Back in the day, when I first left my high-powered job in higher education marketing and public relations (chuckle, chuckle), I began freelancing, with a focus on the business sector. Brochure copy, website copy, that sort of thing. I’ve been thinking lately that I should get back to it.
And then I think maybe not.
There are definite “pros” to freelance business writing, in my experience. It’s quick, clean, and easy. You get an assignment, you’re given most (if not all) of the information you need to put the assignment together, you have a deadline, and, after a relatively brief period of time (a couple days, a week, a month) you turn in the assignment. After another brief wait (in most cases a month, but possibly longer) you get paid. Usually a tidy sum of money. Certainly more than most fiction writers are used to seeing in a single check.
But there are some “cons” as well. Resentment being one of them. Now why, you might ask, would anyone resent something as innocuous as freelancing? Especially if it pays well?
Because it ate up my writing time with projects I didn’t care about.
I posted a while back about the limited time I have each day to write. Two or three hours in the afternoon, on a good day. Often less. This is the challenge of writing with small children in the house (and being “blessed” with the super-human ability to fall asleep anywhere, any time, typically around in the evening). So each day during my freelancing career, when I’d sit down to write up a brochure on asbestos removal or prepare web content on Pennsylvania’s fresh water fisheries, I would grumble inside, “I should be working on my own stuff!”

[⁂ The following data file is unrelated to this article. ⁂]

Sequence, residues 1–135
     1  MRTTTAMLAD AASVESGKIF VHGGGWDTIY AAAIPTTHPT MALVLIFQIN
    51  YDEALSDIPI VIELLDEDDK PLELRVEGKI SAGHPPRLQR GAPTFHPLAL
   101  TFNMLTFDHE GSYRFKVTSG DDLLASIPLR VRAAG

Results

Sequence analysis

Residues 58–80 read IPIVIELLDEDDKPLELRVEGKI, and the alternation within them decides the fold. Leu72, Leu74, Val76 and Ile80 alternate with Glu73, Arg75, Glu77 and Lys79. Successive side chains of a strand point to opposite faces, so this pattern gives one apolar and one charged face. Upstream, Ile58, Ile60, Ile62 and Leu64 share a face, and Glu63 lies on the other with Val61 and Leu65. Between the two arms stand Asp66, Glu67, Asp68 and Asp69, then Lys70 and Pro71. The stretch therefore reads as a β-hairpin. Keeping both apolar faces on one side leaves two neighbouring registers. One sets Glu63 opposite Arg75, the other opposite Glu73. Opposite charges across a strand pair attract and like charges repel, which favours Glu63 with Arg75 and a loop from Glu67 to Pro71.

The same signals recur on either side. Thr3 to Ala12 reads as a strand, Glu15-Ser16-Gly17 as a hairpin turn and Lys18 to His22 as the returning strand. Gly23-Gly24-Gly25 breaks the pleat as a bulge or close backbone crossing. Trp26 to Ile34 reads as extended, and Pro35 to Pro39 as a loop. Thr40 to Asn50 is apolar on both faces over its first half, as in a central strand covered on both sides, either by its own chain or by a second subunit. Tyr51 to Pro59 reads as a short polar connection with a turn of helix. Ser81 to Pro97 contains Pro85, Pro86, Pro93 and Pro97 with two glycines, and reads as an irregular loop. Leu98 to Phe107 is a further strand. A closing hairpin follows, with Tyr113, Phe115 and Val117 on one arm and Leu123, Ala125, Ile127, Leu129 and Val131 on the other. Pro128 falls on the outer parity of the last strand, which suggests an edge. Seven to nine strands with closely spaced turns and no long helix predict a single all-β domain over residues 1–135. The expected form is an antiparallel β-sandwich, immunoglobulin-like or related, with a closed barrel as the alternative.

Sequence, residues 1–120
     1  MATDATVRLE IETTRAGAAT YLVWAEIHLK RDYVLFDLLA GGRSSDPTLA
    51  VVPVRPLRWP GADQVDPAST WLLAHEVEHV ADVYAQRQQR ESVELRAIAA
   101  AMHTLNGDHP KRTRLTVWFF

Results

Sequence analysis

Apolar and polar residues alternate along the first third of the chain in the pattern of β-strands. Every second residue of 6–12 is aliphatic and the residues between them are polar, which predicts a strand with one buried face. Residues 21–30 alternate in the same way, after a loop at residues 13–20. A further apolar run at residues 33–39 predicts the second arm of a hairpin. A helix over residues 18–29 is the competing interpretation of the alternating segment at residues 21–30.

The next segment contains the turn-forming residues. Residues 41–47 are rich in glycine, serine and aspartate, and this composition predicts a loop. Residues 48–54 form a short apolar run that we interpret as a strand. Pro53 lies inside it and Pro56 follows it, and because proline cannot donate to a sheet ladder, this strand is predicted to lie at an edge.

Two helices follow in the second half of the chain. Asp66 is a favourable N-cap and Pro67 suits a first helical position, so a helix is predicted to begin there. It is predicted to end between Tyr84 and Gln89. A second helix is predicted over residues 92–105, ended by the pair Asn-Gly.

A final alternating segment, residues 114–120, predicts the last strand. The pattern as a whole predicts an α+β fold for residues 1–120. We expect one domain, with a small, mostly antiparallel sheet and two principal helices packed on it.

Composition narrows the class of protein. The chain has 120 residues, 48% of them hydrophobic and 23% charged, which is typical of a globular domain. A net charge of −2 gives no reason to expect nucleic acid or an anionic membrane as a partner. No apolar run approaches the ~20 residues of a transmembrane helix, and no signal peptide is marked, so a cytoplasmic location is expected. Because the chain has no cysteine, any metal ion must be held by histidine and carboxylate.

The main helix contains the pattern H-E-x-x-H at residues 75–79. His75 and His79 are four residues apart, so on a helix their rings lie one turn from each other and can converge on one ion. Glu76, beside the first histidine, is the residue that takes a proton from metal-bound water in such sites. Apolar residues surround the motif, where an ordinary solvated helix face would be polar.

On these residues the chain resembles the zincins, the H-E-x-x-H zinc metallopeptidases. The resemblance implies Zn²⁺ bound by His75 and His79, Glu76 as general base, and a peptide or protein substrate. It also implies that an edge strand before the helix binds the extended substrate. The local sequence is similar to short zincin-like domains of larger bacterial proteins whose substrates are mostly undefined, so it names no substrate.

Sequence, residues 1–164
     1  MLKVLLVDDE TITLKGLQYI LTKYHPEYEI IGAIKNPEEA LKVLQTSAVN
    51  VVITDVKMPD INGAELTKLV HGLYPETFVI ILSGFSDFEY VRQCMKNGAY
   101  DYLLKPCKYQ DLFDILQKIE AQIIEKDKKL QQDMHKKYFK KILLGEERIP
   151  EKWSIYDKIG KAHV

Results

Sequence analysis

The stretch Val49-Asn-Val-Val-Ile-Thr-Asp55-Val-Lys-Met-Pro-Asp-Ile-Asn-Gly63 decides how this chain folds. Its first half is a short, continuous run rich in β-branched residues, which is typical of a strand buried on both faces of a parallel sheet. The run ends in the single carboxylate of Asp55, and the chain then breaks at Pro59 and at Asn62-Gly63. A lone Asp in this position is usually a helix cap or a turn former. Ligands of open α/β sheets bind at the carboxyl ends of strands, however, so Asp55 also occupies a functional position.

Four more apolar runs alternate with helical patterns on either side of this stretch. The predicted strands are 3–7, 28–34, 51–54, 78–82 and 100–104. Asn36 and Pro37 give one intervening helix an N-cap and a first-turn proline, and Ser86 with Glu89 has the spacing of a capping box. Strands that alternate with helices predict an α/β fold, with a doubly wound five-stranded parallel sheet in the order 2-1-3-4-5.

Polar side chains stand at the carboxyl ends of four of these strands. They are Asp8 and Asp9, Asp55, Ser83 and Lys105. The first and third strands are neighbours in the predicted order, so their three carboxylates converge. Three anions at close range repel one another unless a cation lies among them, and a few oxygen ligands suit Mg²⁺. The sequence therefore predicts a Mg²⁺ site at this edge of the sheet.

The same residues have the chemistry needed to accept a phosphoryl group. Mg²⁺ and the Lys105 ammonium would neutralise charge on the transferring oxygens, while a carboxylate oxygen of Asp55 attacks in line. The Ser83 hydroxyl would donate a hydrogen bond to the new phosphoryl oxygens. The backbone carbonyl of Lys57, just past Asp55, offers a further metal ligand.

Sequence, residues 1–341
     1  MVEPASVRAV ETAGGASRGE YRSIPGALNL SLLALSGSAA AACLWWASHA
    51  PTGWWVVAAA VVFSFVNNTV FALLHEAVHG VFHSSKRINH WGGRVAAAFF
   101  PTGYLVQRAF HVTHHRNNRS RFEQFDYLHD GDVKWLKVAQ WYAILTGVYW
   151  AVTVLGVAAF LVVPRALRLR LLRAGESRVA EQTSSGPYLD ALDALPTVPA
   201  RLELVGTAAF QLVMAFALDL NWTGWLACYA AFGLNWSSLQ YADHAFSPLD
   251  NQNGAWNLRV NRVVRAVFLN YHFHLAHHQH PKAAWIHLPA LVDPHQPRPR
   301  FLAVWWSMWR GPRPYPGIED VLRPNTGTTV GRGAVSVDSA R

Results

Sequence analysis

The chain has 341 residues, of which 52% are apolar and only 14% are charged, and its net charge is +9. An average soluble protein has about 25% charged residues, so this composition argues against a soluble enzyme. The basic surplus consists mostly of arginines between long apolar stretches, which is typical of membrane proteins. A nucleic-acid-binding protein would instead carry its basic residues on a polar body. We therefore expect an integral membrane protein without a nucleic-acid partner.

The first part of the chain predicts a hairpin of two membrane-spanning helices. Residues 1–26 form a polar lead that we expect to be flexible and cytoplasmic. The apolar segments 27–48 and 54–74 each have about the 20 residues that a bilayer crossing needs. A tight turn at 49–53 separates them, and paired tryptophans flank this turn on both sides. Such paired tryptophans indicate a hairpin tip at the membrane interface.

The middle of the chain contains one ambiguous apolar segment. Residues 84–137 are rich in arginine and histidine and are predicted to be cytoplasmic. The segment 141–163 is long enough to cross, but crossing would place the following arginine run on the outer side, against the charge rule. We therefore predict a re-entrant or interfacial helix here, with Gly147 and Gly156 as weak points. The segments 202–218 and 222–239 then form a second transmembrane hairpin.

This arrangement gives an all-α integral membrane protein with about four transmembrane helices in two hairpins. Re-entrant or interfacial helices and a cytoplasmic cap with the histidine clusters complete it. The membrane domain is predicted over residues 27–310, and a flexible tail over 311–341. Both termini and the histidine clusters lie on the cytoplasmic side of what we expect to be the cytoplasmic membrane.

So I stopped. I dedicated myself to my creative work. I started graduate school to fully immerse myself in the experience. And I’ve felt fulfilled ever since.
But, as anyone who writes creatively will tell you, while the personal/emotional/spiritual rewards can be great, the monetary ones are…well, not so much (typically). Take my novel, for example. I’m going on six years of uncompensated writing time. Granted, I haven’t been plugging away at it forty hours a week over those six years, but I’ve logged at least a couple hundred hours on this piece. This piece that hasn’t yet earned me a dime. And might never.
That’s the rub of creative work. It may or may not ever pay off, financially speaking. And that can be frustrating when you’re trying to keep two sprouting kids in long-enough pants, a never-ending list of school supplies, and dance/karate/soccer/scouting fees on a single income.
Hence my reason for pondering freelancing again. I’d love to hear thoughts from others walking the walk.